(Bonus Addition)

 

C-Webb in Philly.  If you read the Iverson bit above, then you know this was added to the column after the fact.  Still, it has to be discussed.  I guess, as they say in Spinal Tap, “this one goes to 11.”  The odd thing about the Webber trade is that the analysts are taking the extreme position in regards to both Sacramento and Philly.  Oh wait, that’s not weird, that’s normal.  My bad.  The point is that it’s not doomsday in Sac-Town and it’s necessarily the new golden age for the 76ers.  The Kings needed to move Webber because they want to get back to the Bibby-Peja-Miller trio that was so awesome last year.  The thinking is that Webber’s skill set actually detracts from what the other guys bring to the table.  So it’s almost addition by subtraction.  And whether it’s Kenny Thomas or Darius Songaila at the power forward spot, they are going to get more of an enforcer and a roll player type of guy.  So they are actually better now, I don’t care what anyone says.  (Although they took on some ghastly contracts in the process, which is the real reason why they were the loser in this trade.)  As for the Sixers, people seem to think they are suddenly going to win 85% of their games.  Doubtful.  In fact, I think they will struggle a bit the rest of the year to get a feel for the new-look squad.  However, where the Webber trade really helps is in the playoffs.  Now they can actually win a series or two.  Plus, Webber and Iverson will form a nucleus that can bring the young trio of Korver-Igoudala-Dalembert along and be a serious contender in the coming years.  So, yes, it was a great trade for the 76ers, but I don’t think the immediate returns will be out of this world.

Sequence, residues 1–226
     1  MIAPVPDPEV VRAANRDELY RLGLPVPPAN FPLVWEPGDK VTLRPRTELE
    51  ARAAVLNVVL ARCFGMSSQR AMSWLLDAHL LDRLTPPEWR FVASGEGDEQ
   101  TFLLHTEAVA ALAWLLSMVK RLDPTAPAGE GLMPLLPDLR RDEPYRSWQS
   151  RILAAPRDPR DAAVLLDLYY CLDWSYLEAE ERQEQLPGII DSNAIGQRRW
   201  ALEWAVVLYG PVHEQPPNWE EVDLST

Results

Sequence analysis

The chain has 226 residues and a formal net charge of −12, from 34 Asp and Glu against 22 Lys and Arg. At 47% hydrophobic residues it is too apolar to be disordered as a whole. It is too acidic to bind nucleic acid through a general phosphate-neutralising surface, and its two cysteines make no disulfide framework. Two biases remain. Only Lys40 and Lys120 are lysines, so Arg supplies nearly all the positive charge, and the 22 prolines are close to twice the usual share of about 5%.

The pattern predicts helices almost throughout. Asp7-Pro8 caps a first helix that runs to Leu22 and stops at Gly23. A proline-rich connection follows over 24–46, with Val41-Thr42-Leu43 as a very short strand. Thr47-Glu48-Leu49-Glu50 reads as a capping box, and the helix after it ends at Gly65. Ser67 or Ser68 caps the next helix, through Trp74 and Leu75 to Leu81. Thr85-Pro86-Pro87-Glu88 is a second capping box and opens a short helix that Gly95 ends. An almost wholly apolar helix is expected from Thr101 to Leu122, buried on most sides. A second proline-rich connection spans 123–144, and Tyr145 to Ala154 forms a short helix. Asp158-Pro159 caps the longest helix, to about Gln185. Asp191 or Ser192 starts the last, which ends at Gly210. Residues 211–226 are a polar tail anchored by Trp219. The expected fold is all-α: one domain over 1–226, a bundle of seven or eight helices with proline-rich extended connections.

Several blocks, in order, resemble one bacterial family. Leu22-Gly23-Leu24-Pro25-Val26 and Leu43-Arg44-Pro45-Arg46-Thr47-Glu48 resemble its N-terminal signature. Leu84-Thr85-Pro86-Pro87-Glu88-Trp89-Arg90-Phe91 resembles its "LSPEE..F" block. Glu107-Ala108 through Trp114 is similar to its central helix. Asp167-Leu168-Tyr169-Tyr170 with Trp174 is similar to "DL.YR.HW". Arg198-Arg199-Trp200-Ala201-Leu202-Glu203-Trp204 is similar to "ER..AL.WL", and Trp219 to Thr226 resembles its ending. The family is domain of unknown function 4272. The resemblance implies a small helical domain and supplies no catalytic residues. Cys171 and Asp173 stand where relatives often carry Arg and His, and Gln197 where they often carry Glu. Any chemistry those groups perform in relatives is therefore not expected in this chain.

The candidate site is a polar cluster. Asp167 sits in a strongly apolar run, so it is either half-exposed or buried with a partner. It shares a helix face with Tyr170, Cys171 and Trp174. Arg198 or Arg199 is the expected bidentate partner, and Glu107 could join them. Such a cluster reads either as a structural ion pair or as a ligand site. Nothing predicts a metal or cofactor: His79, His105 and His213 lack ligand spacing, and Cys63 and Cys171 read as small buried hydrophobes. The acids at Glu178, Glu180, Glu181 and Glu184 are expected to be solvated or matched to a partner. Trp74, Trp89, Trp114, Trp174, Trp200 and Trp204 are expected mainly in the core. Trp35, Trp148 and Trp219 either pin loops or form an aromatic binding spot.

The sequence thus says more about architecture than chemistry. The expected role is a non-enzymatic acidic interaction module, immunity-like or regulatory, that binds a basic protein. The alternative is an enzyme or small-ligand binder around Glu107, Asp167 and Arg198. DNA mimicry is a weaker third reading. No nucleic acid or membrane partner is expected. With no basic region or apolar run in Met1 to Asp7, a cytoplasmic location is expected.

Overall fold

Adam Hoff is a columnist for WhatifSports.com and a member of the Fantasy Sports Writers of America.  He can be reached at wis.insider@gmail.com or by sitemail at adamo112.